MAY 2016 - Mum of two Sam Draper tells us her story about her second daughter Mighty Willow who was born at 25weeks plus 4days.
Please tell us a little bit about your family and what brought you to live and raise your family in Dubai.
I came to teach in Dubai nearly ten years ago because my sister lived here already and I met my husband Phil in my second year. We have made many great friends and apart from the hot summers, love the dependable sunny weather. My two daughters play with their cousins every week and having family here has made it feel more like home.
How early was you baby and what challenges did you face during those first few weeks and months?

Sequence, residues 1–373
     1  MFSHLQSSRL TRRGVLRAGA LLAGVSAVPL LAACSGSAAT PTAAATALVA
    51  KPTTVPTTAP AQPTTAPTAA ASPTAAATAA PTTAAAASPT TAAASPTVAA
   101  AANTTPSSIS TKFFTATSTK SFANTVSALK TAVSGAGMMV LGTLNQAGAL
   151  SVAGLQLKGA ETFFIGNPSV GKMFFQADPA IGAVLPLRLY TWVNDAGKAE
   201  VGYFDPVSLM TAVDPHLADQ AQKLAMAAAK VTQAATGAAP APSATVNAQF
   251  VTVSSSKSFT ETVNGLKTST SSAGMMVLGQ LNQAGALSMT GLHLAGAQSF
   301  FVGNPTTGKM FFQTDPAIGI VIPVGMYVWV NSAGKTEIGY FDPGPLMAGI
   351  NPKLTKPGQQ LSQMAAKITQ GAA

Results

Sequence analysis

My daughter Willow was born at 25 weeks and 4 days. Although I knew there was a risk she would come early you can never prepare for what lies in store for you emotionally. I never expected to hear a cry when she was born but I did and it gave me the hope I needed that there could be a chance she might survive. Seeing her for the first time in the incubator was strange – she looked more like a baby bird and I was mesmerised watching her chest go up and down and making sense of the machines and wires keeping her alive. Willow’s first few days in NICU were stable, she had a small brain bleed and a bout of jaundice so needed to sunbathe under the UV light but I remember continuing to feel positive. I had to quickly find a routine to fit around my then 2 year old daughter so I could be at the hospital as much as possible yet make life feel as normal as it could be for her. The amount of time spent in the car travelling back and forth to the hospital was tiring but I felt compelled to be beside Willows incubator as much as possible. Luckily, I had many great friends who were willing to babysit so my husband and I could visit together in the evenings. It was into Willows second week that she started to show signs of distress. The doctors were concerned that a particular heart valve that should have closed had remained opened causing sleep apnea. Then acid reflux started when milk feeds were introduced which meant Willow stopped breathing which was scary, especially when you see the nurses rush to help get things back on track and the machines are bleeping away. When Willow was a month old one of Willows lungs had collapsed and she showed signs of infection which ended up being Necrotizing Enterocolitis (NEC), a serious problem that develops when a section of the intestines becomes weakened and damaged then ruptures which is what happened to Willow. She was taken into surgery with a 50/50 chance of survival and I found the time leading up to this excruciating. This was definitely a time when I needed my family and friends around me to calm me down when the tears wouldn’t stop and helping me to stay postive. The anaesthetist sent me a text during the surgery to let me know they were closing up and that she was going to be ok and I felt so relieved! They had to cut away most of her lower intestine and clear out all the feaces that was inside her tummy from the rupture but had managed to sew her intestines back together without the need of the equivalent of a colostomy bag. After that experience I felt really nervous each time Willow took another step back with various other infections and more surgery to save her eyesight due to ROP (Retinopathy of Prematurity). Willow’s progress was slow and the day she moved into the ‘sunny’ room in City Hospital brought such joy as I could pick her up when I wanted and start taking over the role of Mummy. Breastfeeding Willow started out great but because my eldest daughter was ill and I had to stay at home more I wasn’t able to be at the hospital regularly enough to beat her preference to the bottle but I was determined to give her breastmilk so breast pumped for 14 months, which was a full time job in itself! When we got home new challenges arose as she wasn’t growing very fast and the high calorie top up formulas didn’t agree with her digestive system causing Willow to cry all the time, refuse to feed up to 24 hours and even cause blood in her stools. After a lot of second opinions and trials of different formulas, one doctor though it might be due to milk protein intolerance and put her on Neocate which she could finally tolerate. We also regularly saw a chiropractor who calmed Willow down from her very first treatment after finding lots of muscle tension in different places which could have been causing extra pain and discomfort.